Phillipsburg native starts fitness fashion business

Turn It On offers versatile fashion for women.

Fashion has always been a passion for Juetta West. Formerly of Phillipsburg, West worked more than 30 years in the industry, including time spent as a high fashion runway model for the likes of Bob Mackie, Oscar De La Renta and Bill Blass.

“I began baton twirling at the age of 2 and modeling at the age of 6,” West said. “Then I found my niche in runway modeling and did very well, travelling and working with many designers and learning all the time.”

So it seemed a perfect fit when her son, Jack Omer of Kettering, suggested it was time for her to start her own fashion business.

“Jack told me it was time to start feeding my brain again,” West said. “We were in a place where everyone in the family was taken care of and Jack challenged me to find something I really wanted to do.”

The result is a fitness and casual wear company, Turn It On, which she co-founded with Althea Harper, a former Oakwood resident, a University of Cincinnati School of Design graduate and fashion designer with ties to “Project Runway.”

“My husband (Doug West) had a connection to Althea and contacted her to ask if she’d like to be involved,” West said. “She drew up some designs, and we loved them.”

The partnership to develop the company began about 2½ years ago, and according to West, was a trial-and-error process. “We knew we wanted to develop crossover clothing,” West said. “The idea is that if a woman exercises in the morning, she has the foundation with our designs. She can simply add her own wardrobe to it, like heels and accessories, and she is ready to go meet girls for coffee or even attend a board meeting. And if she works out in the evening after work, she already has her outfit.”

West said they searched for the perfect fabric and found a four-way stretch material that had a great feel. “It’s supple but adds compression and is perfect for a woman’s body,” she said.

West now lives in Maui, Hawaii.

The partners knew they would need someone to handle quality control to ensure they maintained a top-notch product. They found that person in Jerry Duncan, who had industry experience working for Jockey, Lands’ End and Haines. “He knows all about our fabric and how it performs,” West said.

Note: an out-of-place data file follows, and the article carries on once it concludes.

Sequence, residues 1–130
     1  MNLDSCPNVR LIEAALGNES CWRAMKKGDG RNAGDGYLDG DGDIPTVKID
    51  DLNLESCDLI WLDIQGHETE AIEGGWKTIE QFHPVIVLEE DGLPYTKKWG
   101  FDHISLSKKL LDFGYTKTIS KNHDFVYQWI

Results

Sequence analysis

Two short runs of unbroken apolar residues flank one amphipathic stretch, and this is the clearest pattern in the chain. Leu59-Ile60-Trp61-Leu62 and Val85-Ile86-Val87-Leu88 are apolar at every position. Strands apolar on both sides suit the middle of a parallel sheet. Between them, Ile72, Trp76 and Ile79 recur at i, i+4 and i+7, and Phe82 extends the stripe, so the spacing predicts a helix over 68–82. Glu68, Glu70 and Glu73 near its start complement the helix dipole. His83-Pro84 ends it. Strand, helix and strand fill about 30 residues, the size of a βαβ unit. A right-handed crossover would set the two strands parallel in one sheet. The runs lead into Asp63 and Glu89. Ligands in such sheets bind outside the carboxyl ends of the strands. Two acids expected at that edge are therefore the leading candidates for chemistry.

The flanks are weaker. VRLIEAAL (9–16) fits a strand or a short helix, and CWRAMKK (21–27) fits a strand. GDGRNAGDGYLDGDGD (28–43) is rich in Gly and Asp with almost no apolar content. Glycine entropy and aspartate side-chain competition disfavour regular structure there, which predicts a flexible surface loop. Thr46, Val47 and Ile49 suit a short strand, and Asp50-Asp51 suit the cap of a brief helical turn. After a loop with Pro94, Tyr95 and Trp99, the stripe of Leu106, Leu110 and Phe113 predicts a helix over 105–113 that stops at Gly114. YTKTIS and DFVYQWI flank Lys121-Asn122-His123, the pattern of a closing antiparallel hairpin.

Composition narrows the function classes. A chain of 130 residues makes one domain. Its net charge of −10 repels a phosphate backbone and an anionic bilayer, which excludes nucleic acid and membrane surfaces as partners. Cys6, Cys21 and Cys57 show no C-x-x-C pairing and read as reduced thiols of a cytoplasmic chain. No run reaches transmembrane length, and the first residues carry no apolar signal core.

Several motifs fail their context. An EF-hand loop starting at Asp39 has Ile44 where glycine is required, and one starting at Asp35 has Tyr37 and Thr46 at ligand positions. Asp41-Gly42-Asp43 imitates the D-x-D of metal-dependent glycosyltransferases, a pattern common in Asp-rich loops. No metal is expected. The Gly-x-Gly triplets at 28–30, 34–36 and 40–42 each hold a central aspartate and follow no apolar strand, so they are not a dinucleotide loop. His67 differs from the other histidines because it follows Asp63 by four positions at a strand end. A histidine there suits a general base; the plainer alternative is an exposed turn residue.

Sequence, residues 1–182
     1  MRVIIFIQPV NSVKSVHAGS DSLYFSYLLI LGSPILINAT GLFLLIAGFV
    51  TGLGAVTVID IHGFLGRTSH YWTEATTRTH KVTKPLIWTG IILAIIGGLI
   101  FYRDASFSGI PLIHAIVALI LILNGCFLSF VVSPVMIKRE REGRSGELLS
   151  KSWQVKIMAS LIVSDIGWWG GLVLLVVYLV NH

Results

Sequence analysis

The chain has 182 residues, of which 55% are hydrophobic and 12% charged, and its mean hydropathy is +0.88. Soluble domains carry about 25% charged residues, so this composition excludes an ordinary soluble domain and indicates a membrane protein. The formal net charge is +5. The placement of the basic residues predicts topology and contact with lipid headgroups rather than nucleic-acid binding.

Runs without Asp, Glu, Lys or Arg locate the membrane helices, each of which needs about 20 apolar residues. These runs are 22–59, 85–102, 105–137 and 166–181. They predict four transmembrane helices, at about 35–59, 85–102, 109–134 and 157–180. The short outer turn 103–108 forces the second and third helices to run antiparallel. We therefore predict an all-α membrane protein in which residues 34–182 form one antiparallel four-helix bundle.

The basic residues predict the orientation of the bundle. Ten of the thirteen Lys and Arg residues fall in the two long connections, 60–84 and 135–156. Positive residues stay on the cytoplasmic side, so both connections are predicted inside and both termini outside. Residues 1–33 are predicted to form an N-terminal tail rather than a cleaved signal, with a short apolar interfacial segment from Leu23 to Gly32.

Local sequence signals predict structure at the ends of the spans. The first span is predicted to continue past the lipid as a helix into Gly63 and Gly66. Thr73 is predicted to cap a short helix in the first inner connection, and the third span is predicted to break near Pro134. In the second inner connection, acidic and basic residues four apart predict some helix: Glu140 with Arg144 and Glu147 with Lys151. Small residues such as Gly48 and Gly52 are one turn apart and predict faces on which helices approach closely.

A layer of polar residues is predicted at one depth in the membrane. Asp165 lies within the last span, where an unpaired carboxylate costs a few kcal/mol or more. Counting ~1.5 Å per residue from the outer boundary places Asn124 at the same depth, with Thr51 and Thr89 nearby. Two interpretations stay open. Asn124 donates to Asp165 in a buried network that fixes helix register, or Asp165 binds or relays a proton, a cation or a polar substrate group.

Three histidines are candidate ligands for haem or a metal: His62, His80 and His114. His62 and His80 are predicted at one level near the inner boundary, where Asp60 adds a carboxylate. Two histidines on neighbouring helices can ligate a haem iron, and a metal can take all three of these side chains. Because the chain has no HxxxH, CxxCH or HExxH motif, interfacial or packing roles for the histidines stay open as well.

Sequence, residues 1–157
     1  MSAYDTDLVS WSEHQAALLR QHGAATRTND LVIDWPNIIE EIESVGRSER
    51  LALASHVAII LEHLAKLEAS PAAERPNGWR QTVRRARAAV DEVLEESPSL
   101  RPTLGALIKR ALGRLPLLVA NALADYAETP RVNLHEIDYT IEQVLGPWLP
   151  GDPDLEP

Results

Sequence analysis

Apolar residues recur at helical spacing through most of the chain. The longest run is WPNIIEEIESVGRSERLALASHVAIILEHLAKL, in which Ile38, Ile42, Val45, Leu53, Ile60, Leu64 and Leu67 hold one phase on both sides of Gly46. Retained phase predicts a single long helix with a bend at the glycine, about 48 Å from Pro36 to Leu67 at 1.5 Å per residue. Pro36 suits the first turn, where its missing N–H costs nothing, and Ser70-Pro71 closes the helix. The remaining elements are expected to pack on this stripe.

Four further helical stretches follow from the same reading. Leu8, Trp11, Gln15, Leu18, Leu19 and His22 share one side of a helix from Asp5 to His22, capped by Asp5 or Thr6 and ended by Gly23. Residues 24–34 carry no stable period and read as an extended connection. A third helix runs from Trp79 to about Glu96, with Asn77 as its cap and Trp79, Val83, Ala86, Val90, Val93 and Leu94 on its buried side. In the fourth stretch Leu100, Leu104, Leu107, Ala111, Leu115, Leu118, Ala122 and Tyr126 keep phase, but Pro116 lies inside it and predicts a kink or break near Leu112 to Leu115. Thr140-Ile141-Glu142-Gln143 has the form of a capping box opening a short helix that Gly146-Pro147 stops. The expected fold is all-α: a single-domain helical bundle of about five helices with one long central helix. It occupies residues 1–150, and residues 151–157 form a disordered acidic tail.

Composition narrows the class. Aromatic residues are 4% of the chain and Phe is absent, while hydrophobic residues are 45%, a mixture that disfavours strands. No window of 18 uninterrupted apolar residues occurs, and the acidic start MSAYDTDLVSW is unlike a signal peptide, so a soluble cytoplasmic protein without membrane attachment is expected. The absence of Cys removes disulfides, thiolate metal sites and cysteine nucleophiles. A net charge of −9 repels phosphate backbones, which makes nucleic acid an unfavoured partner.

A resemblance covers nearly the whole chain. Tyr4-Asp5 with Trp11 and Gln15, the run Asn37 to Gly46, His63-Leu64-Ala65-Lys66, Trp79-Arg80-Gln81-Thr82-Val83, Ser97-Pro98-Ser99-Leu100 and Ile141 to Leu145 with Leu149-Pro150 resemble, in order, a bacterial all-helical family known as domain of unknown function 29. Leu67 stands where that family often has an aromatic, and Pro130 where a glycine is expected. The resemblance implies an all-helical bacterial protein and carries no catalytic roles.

“Althea is really up on what is trending in fashion,” West said. “She knows about this before the public does.” Duncan and Harper worked with West initially to decide upon their key pieces. “Once we made the decision, we had samples developed.”

Turn It On originally began with 16 pieces of fitness and casual clothing but today offers nine core pieces that will truly take women from the board room to the gym. “I always say if a woman looks good, she will feel good,” West said. “When we started looking at the fitness clothing available out there, we found that the pieces weren’t flattering to a woman’s body. Our line is all about enhancing what a women wants to enhance and hiding what she wants to hide.”

The nine pieces available now are the result of looking at trends and what women want, West said. “The designs and fabric and fit work with a woman’s everyday lifestyle,” she said. Those pieces include a reformer jacket that features color blocking and invisible zippers, several tops that feature ruching and off the shoulder styles, and skirts and pants that have a unique “V” waistband. “People love our waistbands because they are unique,” West said. “No matter the figure, they love our pants because of the fabric, fit and compression. They don’t pinch into your skin, and they stay put.”

In mid-November Turn It On was officially launched. West decided to launch her clothing line in her hometown of Dayton, along with Cincinnati and Columbus. “This area is a great place to market a business,” West said. “We had invitation only events in all three cities.”

West said that the sales are rather strong, but this is still a startup company. “In Ohio I asked my friends to invite their friends so I ended up meeting people I didn’t know,” West said. “Once they put on the garments, they knew immediately it was different and I knew I could sell it.

The products are currently being sold and marketed through the web site, turnitonfitness.com. “We will remain an ecommerce business until we can get some investors interested,” West said. “My goal is to eventually have a brick and mortar store and take this concept and run with it. We feel we have nailed this design and are filling a niche in the fitness apparel market. Our line is different from any other line out there and it’s really incredible. We would just love for women to try it and once it’s on their bodies, they will love it!”

For more information, go online to www.turnitonfitness.com.

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